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Mixed feelings on buss environment

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By Chimwemwe Mangazi & Taonga Sabola:

James Chiutsi

The business operating environment remained mixed and murky in first half of 2019, attracting mixed comments from operators and commentators.

During the months under review, key macroeconomic indicators registered mixed performance.

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Headline inflation, seen at 8.9 percent in May 2019, has been within a single digit band.

Interest rates have been going down after the Reserve Bank of Malawi slashed its policy rate twice this year alone to stand at 13.5 percent.

However, some of the indicators have taken a u-turn in recent weeks, posing a threat to sustainability of the registered gains.

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The local unit, the kwacha, for example has been depreciating, now trading at around K789 to a dollar, posing threats to inflation and foreign exchange reserves.

Chamber for Small and Medium Business Association (CSMBA) has since rated the first half of the year as challenging for doing business amid registered improvements.

CSMBA Executive Secretary, James Chiutsi, said there had been mild growth of most businesses, being an election year.

“Since the dust has, somehow settled, businesses are back to normal and while appreciating the low interest rates, it’s still difficult for SMEs to access finance,” Chiutsi said.

Malawi Stock Exchange-listed National Bank of Malawi Chief Executive Officer, Macfussy Kawawa, said the kwacha slip might have offset some gains registered in the first half.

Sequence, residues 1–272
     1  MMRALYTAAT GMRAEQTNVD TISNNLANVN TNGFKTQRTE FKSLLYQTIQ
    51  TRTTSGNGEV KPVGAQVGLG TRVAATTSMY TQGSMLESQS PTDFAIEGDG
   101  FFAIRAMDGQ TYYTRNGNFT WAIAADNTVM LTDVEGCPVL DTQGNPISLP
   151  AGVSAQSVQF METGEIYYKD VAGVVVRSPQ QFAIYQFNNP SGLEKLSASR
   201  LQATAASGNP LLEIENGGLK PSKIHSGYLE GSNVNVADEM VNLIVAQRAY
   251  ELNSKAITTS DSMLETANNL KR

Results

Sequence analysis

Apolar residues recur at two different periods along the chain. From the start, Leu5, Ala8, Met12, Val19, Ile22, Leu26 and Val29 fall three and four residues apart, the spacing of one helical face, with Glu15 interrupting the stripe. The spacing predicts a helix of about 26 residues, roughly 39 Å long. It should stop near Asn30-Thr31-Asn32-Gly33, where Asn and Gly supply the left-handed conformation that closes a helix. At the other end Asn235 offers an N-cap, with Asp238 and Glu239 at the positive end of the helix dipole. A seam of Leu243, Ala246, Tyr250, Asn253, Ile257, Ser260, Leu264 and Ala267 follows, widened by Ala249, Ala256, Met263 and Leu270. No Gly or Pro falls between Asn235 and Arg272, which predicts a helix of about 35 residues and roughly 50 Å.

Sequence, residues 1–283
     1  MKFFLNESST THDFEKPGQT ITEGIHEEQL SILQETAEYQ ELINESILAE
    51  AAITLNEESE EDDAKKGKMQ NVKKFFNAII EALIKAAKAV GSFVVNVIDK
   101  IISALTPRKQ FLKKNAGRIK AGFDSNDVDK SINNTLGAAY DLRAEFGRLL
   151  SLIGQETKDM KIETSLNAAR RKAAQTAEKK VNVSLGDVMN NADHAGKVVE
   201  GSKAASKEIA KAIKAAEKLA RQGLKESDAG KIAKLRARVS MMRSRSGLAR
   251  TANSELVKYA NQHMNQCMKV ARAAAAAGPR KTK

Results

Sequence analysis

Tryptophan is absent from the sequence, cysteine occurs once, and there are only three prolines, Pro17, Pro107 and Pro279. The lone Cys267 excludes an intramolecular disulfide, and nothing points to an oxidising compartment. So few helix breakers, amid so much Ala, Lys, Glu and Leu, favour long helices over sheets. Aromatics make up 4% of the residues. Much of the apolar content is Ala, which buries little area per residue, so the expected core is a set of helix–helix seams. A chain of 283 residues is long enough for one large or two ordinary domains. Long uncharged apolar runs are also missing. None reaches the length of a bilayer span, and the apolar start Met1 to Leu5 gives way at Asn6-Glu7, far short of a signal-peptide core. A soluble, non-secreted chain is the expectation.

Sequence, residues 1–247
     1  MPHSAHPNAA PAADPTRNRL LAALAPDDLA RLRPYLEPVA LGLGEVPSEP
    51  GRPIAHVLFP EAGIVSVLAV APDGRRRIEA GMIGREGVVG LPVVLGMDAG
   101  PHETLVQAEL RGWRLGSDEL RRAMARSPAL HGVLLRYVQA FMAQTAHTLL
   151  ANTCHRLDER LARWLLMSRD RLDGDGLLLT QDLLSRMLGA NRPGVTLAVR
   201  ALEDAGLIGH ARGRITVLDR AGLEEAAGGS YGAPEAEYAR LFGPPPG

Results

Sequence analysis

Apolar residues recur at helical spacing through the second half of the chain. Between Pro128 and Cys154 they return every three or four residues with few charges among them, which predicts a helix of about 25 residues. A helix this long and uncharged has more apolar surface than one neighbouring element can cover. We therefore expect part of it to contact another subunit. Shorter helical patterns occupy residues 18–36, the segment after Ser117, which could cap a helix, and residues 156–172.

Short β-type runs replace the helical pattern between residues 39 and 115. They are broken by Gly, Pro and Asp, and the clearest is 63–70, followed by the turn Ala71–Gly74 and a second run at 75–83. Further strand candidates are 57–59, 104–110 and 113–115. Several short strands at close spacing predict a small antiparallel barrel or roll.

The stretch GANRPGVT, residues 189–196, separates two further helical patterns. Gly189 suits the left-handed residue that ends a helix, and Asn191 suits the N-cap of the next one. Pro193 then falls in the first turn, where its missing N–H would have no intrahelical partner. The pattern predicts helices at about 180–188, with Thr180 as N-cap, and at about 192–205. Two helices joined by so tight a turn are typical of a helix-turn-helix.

“We can characterise the period as one where interest rates dropped and inflation was stable. However, being an election year, a lot of decisions pended therefore the kind of activity that we would ordinarily see in the first half of the year wasn’t to be true.

“It is our expectation that things will pick up a bit in the second half of the year,” Kawawa said.

The capital market, however, remained resilient in the first six months of 2019

The stock market has been bullish in the first half, registering a slight increase of 3.3 percent in Malawi All Share Index (Masi), with 627 million shares been traded at a total value of 29 billion.

Alliance Stockbrokers Limited Operations Manager, Thoko Saulosi, said the slight increase in Masi was due to price gains in most of the counters listed in the Domestic Share Index (DSI) despite huge price drops especially in FMBCH and OMU which has led to a 14.14 percent decrease in the FSI.

Increasing supply of shares on the market has also contributed to price drops.

“However, we expect that, in the second half, despite the uncertainty that has engulfed the economy due to the political environment, the stock market will still remain bullish and more active than during the first half.

“The efforts by the Reserve Bank in enforcing companies to remit pension have and will also continue to boost the stock market in addition to the low interest rate which has made the stock market the alternative profitable investment avenue,” Saulosi said.

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